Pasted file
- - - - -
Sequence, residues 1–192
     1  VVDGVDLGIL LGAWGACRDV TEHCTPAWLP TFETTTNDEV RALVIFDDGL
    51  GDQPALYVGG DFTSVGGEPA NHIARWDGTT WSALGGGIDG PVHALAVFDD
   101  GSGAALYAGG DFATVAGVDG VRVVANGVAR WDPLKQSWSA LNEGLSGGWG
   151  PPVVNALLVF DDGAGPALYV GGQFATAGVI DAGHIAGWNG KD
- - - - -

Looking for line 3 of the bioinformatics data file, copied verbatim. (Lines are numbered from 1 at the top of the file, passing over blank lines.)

    51  GDQPALYVGG DFTSVGGEPA NHIARWDGTT WSALGGGIDG PVHALAVFDD